|Links to Learning Disabilities and other Disorders
The following is one chapter from a 1997 Graduate Student Research Project
conducted at the
Author: Richard W. Pressinger (M.Ed.)
Ultrasound During Pregnancy
SOURCE: Neurotoxicology and Teratology, Vol. 17(2):179-188, 1995
Ultrasound is used routinely today and usually once or twice during most pregnancies. Physicians and medical personnel have come to believe ultrasound is safe which explains its widespread use. This belief in safety came from the early studies which did not reveal any adverse effects of ultrasound on the human fetus (19,22). However, later investigators reported low birth weight (26) and dyslexia (36) in the exposed children
Moore et al. (27), concluded that the most consistent effect of ultrasound exposure appeared to be low birth weight. This is not supported by other workers (24,33). This conflict in research thereby generates enough doubt to allow ultrasound to be used today.
However, as research becomes more sophisticated, researchers are able to detect effects upon the fetus that were missed previously. Also, as mentioned earlier in this paper, the timing of the exposure during pregnancy is often critical for determining whether there is or is not a harmful outcome on neurological development.
The researchers in this present study, were attempting to determine what effect ultrasound would have if given on two periods early in the test animals development. Neurological areas tested included assessment of locomotor activity, learning and memory. The procedure involved exposing 23 Swiss albino mice to two 10 minute ultrasound periods on the sixth and eleventh day of their pregnancies. The offspring were then allowed to develop normally and tested for detrimental effects at 3 and 6 months.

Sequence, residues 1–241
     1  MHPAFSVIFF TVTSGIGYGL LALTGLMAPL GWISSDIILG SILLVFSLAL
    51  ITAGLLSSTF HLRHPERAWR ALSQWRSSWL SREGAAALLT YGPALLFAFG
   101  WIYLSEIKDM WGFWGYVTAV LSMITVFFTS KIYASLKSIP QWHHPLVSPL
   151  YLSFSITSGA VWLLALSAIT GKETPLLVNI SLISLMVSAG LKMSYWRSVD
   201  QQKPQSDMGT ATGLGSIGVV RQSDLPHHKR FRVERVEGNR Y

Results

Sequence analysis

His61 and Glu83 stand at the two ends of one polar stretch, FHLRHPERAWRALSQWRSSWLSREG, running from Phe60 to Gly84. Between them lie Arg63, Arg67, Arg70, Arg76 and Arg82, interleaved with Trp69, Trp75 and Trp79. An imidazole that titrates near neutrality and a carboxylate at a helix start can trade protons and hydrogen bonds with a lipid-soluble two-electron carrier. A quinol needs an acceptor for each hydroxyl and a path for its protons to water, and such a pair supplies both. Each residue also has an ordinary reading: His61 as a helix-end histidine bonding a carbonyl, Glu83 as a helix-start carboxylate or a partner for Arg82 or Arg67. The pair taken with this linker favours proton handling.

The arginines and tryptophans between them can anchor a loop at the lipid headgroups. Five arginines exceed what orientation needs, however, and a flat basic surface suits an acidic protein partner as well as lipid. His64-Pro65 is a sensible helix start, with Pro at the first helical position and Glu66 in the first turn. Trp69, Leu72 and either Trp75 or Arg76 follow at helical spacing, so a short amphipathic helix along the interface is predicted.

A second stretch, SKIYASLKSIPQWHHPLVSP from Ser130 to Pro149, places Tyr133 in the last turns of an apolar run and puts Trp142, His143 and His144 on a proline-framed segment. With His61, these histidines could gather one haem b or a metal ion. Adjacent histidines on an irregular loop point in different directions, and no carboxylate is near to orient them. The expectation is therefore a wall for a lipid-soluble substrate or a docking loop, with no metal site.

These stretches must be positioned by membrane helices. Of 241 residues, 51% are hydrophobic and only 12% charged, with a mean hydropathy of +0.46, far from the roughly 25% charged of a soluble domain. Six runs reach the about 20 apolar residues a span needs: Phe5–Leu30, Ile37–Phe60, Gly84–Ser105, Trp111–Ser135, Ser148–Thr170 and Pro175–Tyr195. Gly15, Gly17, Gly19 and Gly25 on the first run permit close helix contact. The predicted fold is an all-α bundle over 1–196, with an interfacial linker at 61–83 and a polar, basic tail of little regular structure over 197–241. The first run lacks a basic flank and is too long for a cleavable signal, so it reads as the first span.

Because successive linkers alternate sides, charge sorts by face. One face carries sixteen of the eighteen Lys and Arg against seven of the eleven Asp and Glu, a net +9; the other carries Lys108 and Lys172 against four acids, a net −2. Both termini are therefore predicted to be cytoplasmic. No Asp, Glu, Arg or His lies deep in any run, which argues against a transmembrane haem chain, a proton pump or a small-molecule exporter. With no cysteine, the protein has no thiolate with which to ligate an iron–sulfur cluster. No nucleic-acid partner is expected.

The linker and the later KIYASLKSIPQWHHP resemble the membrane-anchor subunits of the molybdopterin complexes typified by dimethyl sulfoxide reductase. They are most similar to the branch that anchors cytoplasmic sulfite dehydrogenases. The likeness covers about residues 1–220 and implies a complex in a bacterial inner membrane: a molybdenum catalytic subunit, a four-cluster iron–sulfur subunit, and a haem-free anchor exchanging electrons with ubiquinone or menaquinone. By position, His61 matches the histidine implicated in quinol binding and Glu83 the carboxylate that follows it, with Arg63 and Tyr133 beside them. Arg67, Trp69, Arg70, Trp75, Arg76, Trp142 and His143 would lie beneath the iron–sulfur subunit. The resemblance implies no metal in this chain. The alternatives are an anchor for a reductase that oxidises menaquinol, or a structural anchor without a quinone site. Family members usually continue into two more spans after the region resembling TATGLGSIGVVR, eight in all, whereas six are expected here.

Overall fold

Although the head length and brain weight did not show any statistically significant difference from the average control mice values, the researchers did find the ultrasound exposed group had an 8.6% growth retardation rate compared to 3.3% for the non-exposed control group.
According to the researchers, the animals experienced "hypoactivity and impairment in learning" as a result of the ultrasound exposure. Learning and memory were tested using a standard passive avoidance test in which the mice were placed into a box that contained a lighted chamber and a dark chamber. If the animal walked into the dark chamber it was given a slight .6 milliamp shock for 2 seconds. After a resting period of 1 minute the animal was reintroduced to the lighted chamber. If the animal did not re-enter the dark chamber for 3 minutes it was considered as a sign of the animal having learned. The researchers did find that the ultrasound exposed group required more trials to learn the shock hazard of the dark area. Whereas, 38% of the control animals required more than 3 trials to learn, 58% of the ultrasound group required 3 or more trials to learn.
In summary, the researchers stated,
Dr. M. Prakash Hande